The most eagerly anticipated Calcutta Cup match since the Grand Slam decider of 1990 came and went, and with it went Scotland’s chance of a first ever 6 Nations title, whilst seeing England claim the title, equal New Zealand’s record of eighteen consecutive Test wins, and set a new record of eleven 6 Nations games on the bounce.
England came firing out of the blocks, and practically as soon as Fraser Brown had gone in the bin for a dangerous tackle on Elliot Daly, England opened the scoring in only the 3rd minute through Jonathan Joseph, the outside centre showing great gas to evade the sprawling Alex Dunbar and coast over.
In the 18th minute, Stuart Hogg was replaced by Mark Bennett for an HIA, but it was to be a brief cameo for Bennett, who had to be replaced by Henry Pyrgos. This meant a major re-shuffle in the backs, Seymour now at full-back, Price on the wing, with Pyrgos taking Price’s place at scrum-half. Hogg was not to return, so these changes became permanent.
The disarray of the reshuffle soon became apparent, and again it was the dancing feet of Joseph that cut through the Scottish line, a wonderful finish from the Bath player taking the ball at pace, weaving past Watson and Visser, to claim his second of the afternoon.
Scotland hit back almost immediately. A kickable penalty was instead taken to the line, and after concerted pressure, big Gordon Reid eventually muscled over from close range.
Tormentor in chief Joseph though, was not to be stopped. A wonderfully worked move off the line-out led to Joseph scything through the middle again, and club team-mate Anthony Watson, a replacement for the injured Elliot Daly, put the game beyond all reasonable doubt.
Half-time: England 30-7 Scotland
Have I mentioned Jonathan Joseph yet? He completed his hat-trick shortly after the interval, Nathan Hughes found a gap round the side of a ruck to blast through, and Joseph was on hand to further compile Scottish misery.
After a long consultation with the TMO, referee Mahieu Raynal decided that Nathan Hughes could avoid 10-minutes off the park for a late hit on Tommy Seymour, who was not to be so fortunate and was the latest Scotland back to see his afternoon prematurely ended with Weir his replacement in the unusual position of full-back. From the resulting penalty Finn Russell found a good touch, but the line-out went awry and soon England were to earn a penalty within 3-point range. Farrell obliged, and the score was now an embarrassing 40-7 to England.
Finn Russell agonisingly kicked the restart straight out. It was that kind of afternoon. Scotland won a penalty from the resultant scrum, went for the line-out, and after patient, probing phase-play, Huw Jones out-stretched his left-arm to score.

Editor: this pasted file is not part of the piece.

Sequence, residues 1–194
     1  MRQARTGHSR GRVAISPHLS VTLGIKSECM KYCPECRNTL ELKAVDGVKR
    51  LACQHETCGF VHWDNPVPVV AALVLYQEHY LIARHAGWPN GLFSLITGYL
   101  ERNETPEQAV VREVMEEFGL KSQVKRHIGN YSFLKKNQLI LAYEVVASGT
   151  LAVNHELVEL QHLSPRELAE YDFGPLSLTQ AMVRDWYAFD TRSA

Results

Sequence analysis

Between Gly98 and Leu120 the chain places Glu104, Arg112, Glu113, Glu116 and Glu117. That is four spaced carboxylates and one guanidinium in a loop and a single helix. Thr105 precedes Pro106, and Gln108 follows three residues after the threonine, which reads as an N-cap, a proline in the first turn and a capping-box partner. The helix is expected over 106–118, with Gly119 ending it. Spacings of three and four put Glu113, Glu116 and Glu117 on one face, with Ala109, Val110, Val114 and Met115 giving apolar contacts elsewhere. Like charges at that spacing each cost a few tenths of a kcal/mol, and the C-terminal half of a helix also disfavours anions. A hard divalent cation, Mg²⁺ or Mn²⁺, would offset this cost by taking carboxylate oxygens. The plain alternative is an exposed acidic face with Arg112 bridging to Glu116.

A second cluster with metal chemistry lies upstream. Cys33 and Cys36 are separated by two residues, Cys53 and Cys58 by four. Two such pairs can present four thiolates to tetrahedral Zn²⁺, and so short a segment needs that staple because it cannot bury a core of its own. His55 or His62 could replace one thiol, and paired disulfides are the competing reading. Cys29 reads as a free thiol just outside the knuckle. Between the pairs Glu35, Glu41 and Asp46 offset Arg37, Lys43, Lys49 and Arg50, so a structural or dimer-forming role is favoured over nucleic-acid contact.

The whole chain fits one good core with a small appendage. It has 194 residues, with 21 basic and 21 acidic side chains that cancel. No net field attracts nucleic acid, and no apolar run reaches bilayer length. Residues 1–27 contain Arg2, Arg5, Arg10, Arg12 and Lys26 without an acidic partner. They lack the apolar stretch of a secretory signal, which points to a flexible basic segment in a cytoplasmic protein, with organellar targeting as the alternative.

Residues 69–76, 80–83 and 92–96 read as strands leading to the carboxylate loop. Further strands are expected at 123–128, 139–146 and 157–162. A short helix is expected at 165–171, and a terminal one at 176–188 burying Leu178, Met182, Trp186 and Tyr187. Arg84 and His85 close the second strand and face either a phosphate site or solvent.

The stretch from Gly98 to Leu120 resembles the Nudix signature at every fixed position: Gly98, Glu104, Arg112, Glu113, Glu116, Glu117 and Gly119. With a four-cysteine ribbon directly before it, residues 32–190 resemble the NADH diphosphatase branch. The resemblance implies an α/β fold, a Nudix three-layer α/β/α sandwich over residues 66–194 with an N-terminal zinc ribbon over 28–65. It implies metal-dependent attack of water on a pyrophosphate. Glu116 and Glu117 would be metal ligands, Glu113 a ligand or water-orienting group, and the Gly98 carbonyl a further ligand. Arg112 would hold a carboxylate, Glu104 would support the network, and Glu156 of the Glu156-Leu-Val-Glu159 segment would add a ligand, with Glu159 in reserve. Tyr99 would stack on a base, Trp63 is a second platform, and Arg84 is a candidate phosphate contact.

Russell’s successful conversion reduced the deficit, but there was still no chance of a comeback, especially with the bombastic figure of Billy Vunipola coming off the bench to further strengthen the England ball-carrying threat, and he was in possession at the back of the maul as the Red Roses surged closer to the 50-point mark.
After an hour the lesser-spotted tight head Simon Berghan, natural habitat: the bench, came on, and making his first appearance in Dark Blue after yet another injury, this time to back-rower Ryan Wilson, was Cornell Du Preez.
Tim Visser, who had been completely anonymous in the first half, then made two powerful line-breaks, only to give the ball away first by an attempt at a hail-Mary pass, then he knock on 15m from the line, but he was involved again as Scotland breached England’s defence once more, Huw Jones finding a bit of space out wide, before dancing through to finish brilliantly again.
But the further respectability that brought to the score-line was then wiped out by Danny Care’s try and Owen Farrell’s sixth successful conversion. Deep into time added-on, the sniping scrum-half eventually found space to rub salt, lemon juice, vinegar and chilli sauce into the already gaping wound, and seal the 6 Nations Championship.
The dream, and let’s be honest, that’s all it really ever was, is over for another year, but with one more game under Vern Cotter’s tutelage, and second place in the championship to play for, there is still plenty of cause for optimism in this young Scotland side. They came up against a powerful, dominant and record-crushing England unit, and soon found themselves forced into a major back division reshuffle. England will be going for consecutive Grand Slams next weekend in Dublin, and you have to congratulate them for producing by far their best performance of the tournament.
And this has probably hammered the price down on tickets for the Italy game on Viagogo, so, you know, silver linings and that.
Referee: Mathieu Raynal (France)
SRBlog Man of the Match: Jonathan Joseph rightly won the overall award, but for Scotland the award goes to opposite number Huw Jones. Took his two tries brilliantly.